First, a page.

Tuesday, October 18, 2016

Candlelight Courtships: Regency Romantics Winter Edition 2016

It’s always exciting to have a new release and Candlelight Courtships, our Regency Romantics Winter 2016 set, is just out. This 6-book set set contains some old books and some new ones to entertain you over the autumn and winter months. We decided to call it a winter set this year, instead of a Christmas set, because not all of the books are about Christmas (although some of them are). My contribution, One Night at the Abbey, begins in October when autumn is slowly giving way to winter. It was previously published as Carisbrooke Abbey by Robert Hale Ltd. It’s a bit different from my earlier Regency romances because it has something of a Gothic feel to it, with the heroine going to work at a remote abbey. She has a job close to my heart because she is in charge of Lord Carisbrooke’s extensive library. This causes some friction, because when Lord Carisbrooke appointed her, he thought she was Mr Wentworth, and not Miss Wentworth! 

The mix-up occurs because he appoints her by letter, and once he discovers the truth he wants to send her packing – except it is a very wild night and not even the mysterious Lord Carisbrooke can bring himself to turn Hilary out in the storm! Their first meeting takes place in the woods. Hilary is walking to the abbey when the storm brings a tree crashing down. It catches her a glancing blow and Lord Carisbrooke finds her with her foot trapped beneath it. As Hilary tries to free her foot, she hears a noise and this is what happens next:

     Looking up, she gasped. A large, bulky shape was standing there. It was huge and shaggy, some kind of wild animal . . . a bear, rearing up on its hind legs! Shocked, she tried to struggle free . . . until another flash of lightning lit the scene, and she saw that the dark shape was not a bear at all, but a man. She could be forgiven for her mistake, for he was tall and broad, and with his grizzled hair he looked wild and savage.
     ‘Hell’s teeth!’ he ground out. ‘What are you doing in the wood?’
     His ungracious words dispelled her fear and stung her to make a sharp retort. ‘That is none of your business.’
     ‘Oh, isn’t it?’ he growled.
     ‘No, it is not.’ Focusing on her anger, which helped her to take her mind from the pain, she went on. ‘So if you would just help me to free my foot —’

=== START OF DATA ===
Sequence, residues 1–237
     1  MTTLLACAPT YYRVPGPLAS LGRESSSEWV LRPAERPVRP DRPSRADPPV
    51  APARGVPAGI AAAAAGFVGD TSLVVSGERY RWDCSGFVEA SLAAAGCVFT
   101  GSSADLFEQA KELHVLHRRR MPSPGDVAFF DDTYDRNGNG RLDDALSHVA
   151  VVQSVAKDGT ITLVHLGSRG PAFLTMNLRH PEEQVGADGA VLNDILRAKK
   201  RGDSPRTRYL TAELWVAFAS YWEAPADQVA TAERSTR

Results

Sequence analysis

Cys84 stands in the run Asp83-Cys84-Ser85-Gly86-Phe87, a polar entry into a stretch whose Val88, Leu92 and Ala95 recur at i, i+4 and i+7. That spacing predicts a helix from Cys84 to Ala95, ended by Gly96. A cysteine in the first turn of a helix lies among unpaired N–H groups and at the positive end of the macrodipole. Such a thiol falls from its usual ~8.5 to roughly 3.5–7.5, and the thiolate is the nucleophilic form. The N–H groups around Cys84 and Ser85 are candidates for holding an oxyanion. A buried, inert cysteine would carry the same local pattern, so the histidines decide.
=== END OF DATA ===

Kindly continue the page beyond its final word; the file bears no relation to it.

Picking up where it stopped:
‘Oh! So that is my business,’ he returned churlishly.
     ‘You are right, it isn’t,’ she said, biting her lip. ‘Very well, then, if you are not going to make yourself useful, you had better be on your way.’
     The sound came out gruffly, but another flash of lightning tore open the sky, and to Hilary’s surprise she saw that there was a glint of respect in his eye. Her spirited retort had done her no harm with him and she was grateful. She had spoken without thinking, and it would have been disastrous if he had taken her at her word.
     He turned his attention away from her and fixed it on the tree. After examining it for a few minutes he bent down and took hold of the crown. Then, flexing his huge shoulders, he lifted it from the ground.
     Hilary seized the moment and pulled her foot free. She ought to thank him, but he had helped her with such a bad grace that she was reluctant to do so. Good breeding got the better of her baser instincts, however, and she muttered an unwilling, ‘Thank you.’
     ‘Don’t mention it.’
     And why was he so bad-tempered? she wondered, hearing his gruff tone. It wasn’t as though he had spent the last hour tramping through the rain, trying to find an elusive abbey, and had then been knocked down by a tree!
     But whatever the reason, it was not her concern. She had other things to worry about.
She turned her attention back to her foot. It was difficult to see how badly it had been injured. The lightning had retreated and the stormy day was once more dark, but her ankle was sore and it was starting to throb.
     The bear-like man crouched down in front of her. Before she could stop him, he lifted her foot onto his knee. She winced, expecting him to hurt her, but his touch was strangely gentle. Though his hands were large they possessed a delicacy she had not expected. His fingers were long and broad, and they were weather beaten, showing the brown hue of a man who spent much of his life out of doors. As he ran his hands over her kid boot, searching it deftly for a sign of any broken bones, to her surprise she felt her foot began to tingle. It was an unusual sensation, and yet pleasant. Better still, it seemed to blot out the pain.

The set is available now from Amazon UK  and  Amazon US as well as all other Amazons. Check out the blog over the coming weeks to find out more about the other books included in the set.


Elizabeth Hawksley said...

I loved this scene! I do like a feisty heroine. And the description of the wild and windy night and the bear-like apparition's sudden appearance is terrific.

Amanda Grange said...

Thanks, Elizabeth. I wanted to create a different kind of hero for this book and I loved writing about the irascible Lord Carisbrooke, who is more of a Byronic hero than most of my other heroes.